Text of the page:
The Pentagon's Missile Defense Agency (MDA) recently admitted that it was pushing back plans to put up a space-based missile defense test bed to at least 2008. But that does not mean the agency has given up on developing orbiting interceptors for shooting down enemy missiles in their boost-phase, shortly after their launch.

MDA officials, and hawkish proponents of using space for missile defense, continue to assert that it is technically feasible to design such a system using only 300 to 600 interceptors and costing $50 billion.

A recent study by an illustrious panel of physicists begs to differ. Even though they themselves admit to using "extremely optimistic" technical parameters, the American Physical Society (APS) in a July 16 study found that a bare-minimum system would require at least 1,600 missiles. Such a limited system would be able to defend only the continental United States (not including Alaska) and be able to shoot down only one solid-fuel ICBM coming in from North Korea (the sort the Pentagon predicts Pyongyang and other countries are likely to have within 10 to 15 years).

And the U.S. interceptors would have to be substantially larger and faster than ever built before, not to mention larger and faster than currently estimated by MDA. All totaled, the interceptors would weigh 2,000 metric tons.

While the study, "Report of the American Physical Society Study Group on Boost-Phase Intercept Systems for National Missile Defense: Scientific and Technical Issues," did not provide any cost analysis, doing the math is fairly simple. Average launch costs have hovered for decades at about $22,000 per kilogram. A metric ton equals 1,000 kilograms. So, this best-case scenario for space-based missile defenses would cost $44 billion just to get the interceptors into orbit.

Some experts argue that, given the volume of space launches that would be required to boost the system, launch costs could conceivably over time come down to half that per kilogram sum: $11,000. If this is true, then such a system could be put into orbit for only $22 billion.

But here's the rub: The physicists themselves admit that the system described above is based on assumptions that are optimistic enough to border on unrealistic. Under more realistic technical parameters, a system to defend the continental United States against a North Korean launch would involve 3,600 orbiting interceptors, at a cost of either $99 billion, or using the lower launch cost figure, $49.5 billion. However, the study itself notes that even these "more realistic" assumptions are quite optimistic, not only in pushing the edge of what is technically feasible but also in that the space-based system described is one in which every element works perfectly 100 percent of the time --something unheard of in the annuals of U.S. weapons development.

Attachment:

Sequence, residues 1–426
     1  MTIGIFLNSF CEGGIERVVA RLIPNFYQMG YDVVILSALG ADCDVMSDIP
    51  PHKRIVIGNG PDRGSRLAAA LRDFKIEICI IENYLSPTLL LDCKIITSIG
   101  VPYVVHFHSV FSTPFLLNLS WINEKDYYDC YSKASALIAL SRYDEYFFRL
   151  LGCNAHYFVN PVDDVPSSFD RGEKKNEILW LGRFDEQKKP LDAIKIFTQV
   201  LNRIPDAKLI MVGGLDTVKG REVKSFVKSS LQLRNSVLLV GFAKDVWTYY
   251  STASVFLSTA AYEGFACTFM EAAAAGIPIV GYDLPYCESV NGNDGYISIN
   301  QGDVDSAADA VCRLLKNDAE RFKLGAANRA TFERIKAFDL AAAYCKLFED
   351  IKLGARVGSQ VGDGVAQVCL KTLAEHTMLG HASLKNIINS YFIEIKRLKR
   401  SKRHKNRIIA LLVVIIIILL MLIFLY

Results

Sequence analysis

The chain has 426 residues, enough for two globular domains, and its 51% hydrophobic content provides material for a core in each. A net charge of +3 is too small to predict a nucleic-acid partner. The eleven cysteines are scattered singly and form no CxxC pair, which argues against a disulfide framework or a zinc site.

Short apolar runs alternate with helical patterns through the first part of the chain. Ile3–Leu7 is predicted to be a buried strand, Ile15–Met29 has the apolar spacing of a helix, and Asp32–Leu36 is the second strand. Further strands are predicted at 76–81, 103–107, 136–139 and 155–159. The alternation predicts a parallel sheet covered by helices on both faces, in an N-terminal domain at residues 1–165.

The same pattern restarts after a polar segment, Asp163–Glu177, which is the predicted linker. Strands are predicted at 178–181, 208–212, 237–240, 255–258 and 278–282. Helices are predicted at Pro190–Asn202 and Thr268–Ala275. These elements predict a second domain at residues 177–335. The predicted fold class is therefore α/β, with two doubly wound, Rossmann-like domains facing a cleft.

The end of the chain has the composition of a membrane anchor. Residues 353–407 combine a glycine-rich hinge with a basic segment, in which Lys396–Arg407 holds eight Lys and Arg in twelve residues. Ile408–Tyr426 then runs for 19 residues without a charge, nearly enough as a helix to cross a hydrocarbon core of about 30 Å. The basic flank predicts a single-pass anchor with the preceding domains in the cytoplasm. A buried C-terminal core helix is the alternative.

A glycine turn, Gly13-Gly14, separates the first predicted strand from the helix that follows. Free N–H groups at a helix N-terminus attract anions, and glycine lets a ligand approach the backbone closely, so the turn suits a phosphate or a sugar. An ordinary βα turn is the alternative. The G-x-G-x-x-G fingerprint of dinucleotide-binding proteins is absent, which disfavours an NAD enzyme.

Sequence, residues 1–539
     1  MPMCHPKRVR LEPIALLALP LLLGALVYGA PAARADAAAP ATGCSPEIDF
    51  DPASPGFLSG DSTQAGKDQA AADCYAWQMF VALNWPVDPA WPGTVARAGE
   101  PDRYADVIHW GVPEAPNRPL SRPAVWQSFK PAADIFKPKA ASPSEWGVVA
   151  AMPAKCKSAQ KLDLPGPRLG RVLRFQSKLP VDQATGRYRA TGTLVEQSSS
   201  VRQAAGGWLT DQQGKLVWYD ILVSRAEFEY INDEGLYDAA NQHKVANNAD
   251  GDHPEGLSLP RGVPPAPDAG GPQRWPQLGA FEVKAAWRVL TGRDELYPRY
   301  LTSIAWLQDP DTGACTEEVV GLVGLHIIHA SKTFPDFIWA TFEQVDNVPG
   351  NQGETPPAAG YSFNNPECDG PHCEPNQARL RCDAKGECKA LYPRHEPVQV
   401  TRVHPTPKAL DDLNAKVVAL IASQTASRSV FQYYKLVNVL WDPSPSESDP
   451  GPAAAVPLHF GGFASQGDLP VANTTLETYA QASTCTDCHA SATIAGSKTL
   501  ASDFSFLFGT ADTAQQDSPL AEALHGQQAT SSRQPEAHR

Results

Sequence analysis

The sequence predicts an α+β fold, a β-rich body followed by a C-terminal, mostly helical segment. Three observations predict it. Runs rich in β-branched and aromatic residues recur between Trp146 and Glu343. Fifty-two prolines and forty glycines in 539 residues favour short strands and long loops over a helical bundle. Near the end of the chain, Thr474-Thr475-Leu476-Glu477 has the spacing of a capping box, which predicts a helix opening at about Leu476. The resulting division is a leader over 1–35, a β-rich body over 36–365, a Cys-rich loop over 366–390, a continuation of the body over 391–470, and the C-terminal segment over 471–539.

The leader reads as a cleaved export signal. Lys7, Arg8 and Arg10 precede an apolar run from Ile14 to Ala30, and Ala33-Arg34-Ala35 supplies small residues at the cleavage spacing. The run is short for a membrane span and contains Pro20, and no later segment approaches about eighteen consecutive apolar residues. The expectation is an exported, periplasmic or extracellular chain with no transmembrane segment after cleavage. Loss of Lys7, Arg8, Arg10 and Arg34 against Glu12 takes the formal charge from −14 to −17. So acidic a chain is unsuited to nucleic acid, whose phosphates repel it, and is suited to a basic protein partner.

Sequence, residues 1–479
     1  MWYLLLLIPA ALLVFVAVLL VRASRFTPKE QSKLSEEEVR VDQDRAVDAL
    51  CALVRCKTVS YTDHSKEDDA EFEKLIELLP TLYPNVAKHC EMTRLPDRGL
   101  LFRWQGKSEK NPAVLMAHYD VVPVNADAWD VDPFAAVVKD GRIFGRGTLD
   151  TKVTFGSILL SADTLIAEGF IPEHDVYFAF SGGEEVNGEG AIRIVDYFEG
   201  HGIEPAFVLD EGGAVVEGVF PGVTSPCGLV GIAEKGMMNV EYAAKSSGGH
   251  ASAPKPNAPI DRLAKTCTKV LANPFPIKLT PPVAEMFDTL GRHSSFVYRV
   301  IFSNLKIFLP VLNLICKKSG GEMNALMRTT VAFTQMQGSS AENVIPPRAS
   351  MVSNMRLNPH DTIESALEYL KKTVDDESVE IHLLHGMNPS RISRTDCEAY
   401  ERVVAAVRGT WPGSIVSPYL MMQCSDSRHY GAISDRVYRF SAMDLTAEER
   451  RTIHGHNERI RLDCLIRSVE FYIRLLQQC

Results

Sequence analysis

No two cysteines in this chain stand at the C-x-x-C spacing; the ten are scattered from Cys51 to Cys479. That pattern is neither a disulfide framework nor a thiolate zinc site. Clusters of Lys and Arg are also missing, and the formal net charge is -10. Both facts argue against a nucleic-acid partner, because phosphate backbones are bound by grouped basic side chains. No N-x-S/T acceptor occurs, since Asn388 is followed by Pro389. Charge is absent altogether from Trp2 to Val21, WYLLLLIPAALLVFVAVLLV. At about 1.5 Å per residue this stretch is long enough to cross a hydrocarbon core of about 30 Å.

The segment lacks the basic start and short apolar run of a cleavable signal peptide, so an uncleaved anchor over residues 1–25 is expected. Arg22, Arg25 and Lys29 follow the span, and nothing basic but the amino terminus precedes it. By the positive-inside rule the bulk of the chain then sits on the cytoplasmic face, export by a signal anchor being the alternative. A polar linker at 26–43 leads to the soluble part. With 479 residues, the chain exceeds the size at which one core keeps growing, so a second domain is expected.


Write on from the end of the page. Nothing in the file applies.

There is more bad news. To cover Alaska, more than double the number of interceptors would be required to defend against a North Korean ICBM, thus more than doubling the cost (more than $198 billion or more than $99 billion).

To defend against a single shot from Iran (another of the countries labeled by U.S. President George W. Bush as part of the axis of evil, and a country with a ballistic missile program), the study found, is more difficult and would require more interceptors. The study found under its more realistic scenario, that 5,700 interceptors would be required, weighing 7,000 metric tons, equaling a launch cost of $154 billion (or $77 billion).

Some might say that such price-tags are not out of line for a future strategic system, given what the United States has spent on its nuclear arsenal. That may be so. But remember, these figures involve only the direct cost of launching the space-based interceptors. Such interceptors, which according to the study must be much faster and much larger than any to date, would have to be developed and built. More cost. In addition, a complex computerized system to control the interceptors would have to be developed. Yet more cost. Finally, a sophisticated new system of detecting, tracking and targeting ICBM launches and nearly instantaneously providing that data to the orbiting interceptors, would be required. Substantially more cost.

Even more troubling is the fact that the study's more realistic scenarios include assumptions that are forgiving in the extreme. For example, these scenarios include only 30 seconds of time for a decision to fire - the best-case analysis assumed an automatic shot once a potential target was detected. This is highly problematic, in that it is impossible to tell during the early boost-phase whether what just went up was an ICBM or a space-launch vehicle carrying a satellite (or, in the case of China, possibly astronauts). To put it mildly, it seems unlikely that any U.S. commander in chief would be comfortable with automating such a momentous decision.

Furthermore, as noted above, these scenarios all are based on essentially a one-shot (in some cases, two-shots), one-kill architecture. This means there is no margin for error; no redundancy in the system. If North Korea decided to launch two ICBMs (once they get them) at Alaska from nearby launch sites, the U.S. networks postulated by the study would most likely be useless. To be able to target multiple interceptors at each incoming ICBM, however, not only involves even more astronomical costs, but also raises the technical problem of ensuring that the interceptors don't become confused and mistake another of their fellow interceptors for the target.

The APS study, in its generosity, called space-based missile defense "impractical." A more realistic look at the data shows that it is wildly so.

Theresa Hitchens is vice president and director of the Space Security Project at the Center for Defense Information. This article originally appeared as an opinion piece in Space News on July 21.